DJp.2.16 — HST images of FeLoBAL quasars: Testing quasar-galaxy evolution models

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Aug 10th at 6:00 PM until 6:00 PM

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Author(s): Hanna Herbst3, Fred Hamann3, Paola Caselli1, Anton M. Koekemoer2, Carolin Villforth5, Sylvain Veilleux4

Institution(s): 1. Max Planck Institute for Extraterrestrial Physics, 2. Space Telescope Science Institute, 3. University of Florida, 4. University of Maryland, 5. University of St Andrews

We present preliminary results from an HST imaging study of FeLoBAL quasars, which have extremely low-ionization Broad Absorption Line (BAL) outflows and might be a young quasar population based on their red colors, large far-IR luminosities (suggesting high star formation rates), and powerful outflows. Some models of quasar - host galaxy evolution propose a triggering event, such as a merger, to fuel both a burst of star formation and the quasar/AGN activity. These models suggest young quasars are initially obscured inside the dusty starburst until a "blowout" phase, driven by the starburst or quasar outflows like FeLoBALs, ends the star formation and reveals the visibly luminous quasar. Despite the popularity of this evolution scheme, there is little observational evidence to support the role of mergers in triggering AGN or the youth of dust-reddened quasars (such as FeLoBALs) compared to normal blue quasars.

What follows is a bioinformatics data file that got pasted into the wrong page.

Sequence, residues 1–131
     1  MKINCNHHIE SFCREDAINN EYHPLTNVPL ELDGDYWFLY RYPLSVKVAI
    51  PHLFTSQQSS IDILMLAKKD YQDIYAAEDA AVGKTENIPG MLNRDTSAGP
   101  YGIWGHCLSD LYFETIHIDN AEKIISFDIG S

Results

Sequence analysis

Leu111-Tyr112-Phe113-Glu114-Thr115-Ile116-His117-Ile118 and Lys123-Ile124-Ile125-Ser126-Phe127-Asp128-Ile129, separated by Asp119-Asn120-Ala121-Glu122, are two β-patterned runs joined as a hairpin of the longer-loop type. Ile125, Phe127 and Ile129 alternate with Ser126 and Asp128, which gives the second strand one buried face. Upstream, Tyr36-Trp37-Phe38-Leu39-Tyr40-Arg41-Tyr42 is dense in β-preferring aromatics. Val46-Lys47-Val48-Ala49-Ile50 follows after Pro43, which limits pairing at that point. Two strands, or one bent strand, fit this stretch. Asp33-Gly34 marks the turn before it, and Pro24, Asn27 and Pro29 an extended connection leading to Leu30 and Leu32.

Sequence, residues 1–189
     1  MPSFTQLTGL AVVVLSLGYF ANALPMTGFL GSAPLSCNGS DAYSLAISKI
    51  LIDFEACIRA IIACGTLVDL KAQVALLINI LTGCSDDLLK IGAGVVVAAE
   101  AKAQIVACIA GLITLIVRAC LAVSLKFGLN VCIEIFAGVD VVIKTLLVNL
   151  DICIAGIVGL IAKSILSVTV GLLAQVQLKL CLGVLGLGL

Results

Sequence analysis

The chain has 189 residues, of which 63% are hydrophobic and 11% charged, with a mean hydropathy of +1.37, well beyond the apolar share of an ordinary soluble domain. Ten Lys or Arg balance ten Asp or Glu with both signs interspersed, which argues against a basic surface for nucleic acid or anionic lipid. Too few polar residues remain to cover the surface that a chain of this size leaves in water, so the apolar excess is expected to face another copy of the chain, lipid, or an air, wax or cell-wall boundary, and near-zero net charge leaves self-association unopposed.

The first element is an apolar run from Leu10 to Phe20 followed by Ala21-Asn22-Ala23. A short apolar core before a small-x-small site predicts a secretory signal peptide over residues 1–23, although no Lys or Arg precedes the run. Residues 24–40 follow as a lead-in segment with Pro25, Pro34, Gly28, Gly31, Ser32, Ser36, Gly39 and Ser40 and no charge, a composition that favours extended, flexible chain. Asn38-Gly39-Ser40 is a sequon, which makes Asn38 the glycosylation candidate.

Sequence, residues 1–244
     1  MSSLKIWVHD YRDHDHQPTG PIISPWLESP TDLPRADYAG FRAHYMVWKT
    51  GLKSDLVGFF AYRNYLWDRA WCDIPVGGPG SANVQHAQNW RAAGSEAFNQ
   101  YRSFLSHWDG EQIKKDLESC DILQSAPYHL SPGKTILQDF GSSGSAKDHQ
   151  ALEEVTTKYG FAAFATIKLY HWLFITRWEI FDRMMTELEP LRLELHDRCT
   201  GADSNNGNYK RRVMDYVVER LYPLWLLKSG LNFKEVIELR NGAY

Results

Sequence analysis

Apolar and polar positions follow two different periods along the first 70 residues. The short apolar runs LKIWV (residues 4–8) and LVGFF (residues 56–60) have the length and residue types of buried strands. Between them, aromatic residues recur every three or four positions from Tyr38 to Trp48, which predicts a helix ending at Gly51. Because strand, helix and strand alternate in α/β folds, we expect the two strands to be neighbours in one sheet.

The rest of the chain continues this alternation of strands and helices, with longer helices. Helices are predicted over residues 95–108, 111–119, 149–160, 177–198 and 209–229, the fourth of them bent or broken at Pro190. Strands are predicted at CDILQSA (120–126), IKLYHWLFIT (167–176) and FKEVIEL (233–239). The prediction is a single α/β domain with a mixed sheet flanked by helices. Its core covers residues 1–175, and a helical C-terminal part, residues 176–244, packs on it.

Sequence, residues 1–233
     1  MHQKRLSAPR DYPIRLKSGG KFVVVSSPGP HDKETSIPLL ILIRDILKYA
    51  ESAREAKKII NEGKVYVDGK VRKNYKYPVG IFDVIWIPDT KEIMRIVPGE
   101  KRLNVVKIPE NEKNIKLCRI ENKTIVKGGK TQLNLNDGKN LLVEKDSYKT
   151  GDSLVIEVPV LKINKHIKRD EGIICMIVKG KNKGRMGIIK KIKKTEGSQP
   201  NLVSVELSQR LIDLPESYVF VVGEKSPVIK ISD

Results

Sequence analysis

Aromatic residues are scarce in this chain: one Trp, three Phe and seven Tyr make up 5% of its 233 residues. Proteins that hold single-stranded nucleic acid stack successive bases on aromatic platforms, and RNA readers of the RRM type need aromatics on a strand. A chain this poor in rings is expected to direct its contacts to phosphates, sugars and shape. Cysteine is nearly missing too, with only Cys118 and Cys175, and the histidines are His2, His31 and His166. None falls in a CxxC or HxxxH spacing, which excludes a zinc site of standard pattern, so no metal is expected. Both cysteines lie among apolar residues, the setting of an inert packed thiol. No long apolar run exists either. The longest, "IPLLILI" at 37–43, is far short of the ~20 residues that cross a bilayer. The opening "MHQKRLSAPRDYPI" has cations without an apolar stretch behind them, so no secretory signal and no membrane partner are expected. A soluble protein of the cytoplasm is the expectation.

Our ongoing HST program is designed to test the youth of FeLoBAL quasars and the connection of FeLoBALs to mergers. We obtain WFC3/IR F160W images of 10 FeLoBAL quasars at redshift z~0.9 (covering ~8500A in the quasar rest frame). We compare the host galaxy morphologies and merger signatures of FeLoBALs with normal blue quasars (which are older according to the evolution model) and non-AGN galaxies matched in redshift and stellar mass. If FeLoBAL quasars are indeed in a young evolutionary state, close in time to the initial merging event, they should have stronger merger features compared to blue quasars and non-AGN galaxies. Preliminary results suggest that this is not the case - FeLoBAL quasars appear to reside in faint, compact hosts with weak merger signatures. We discuss the implications of these results for galaxy evolution models and other studies of dust-reddened quasar populations.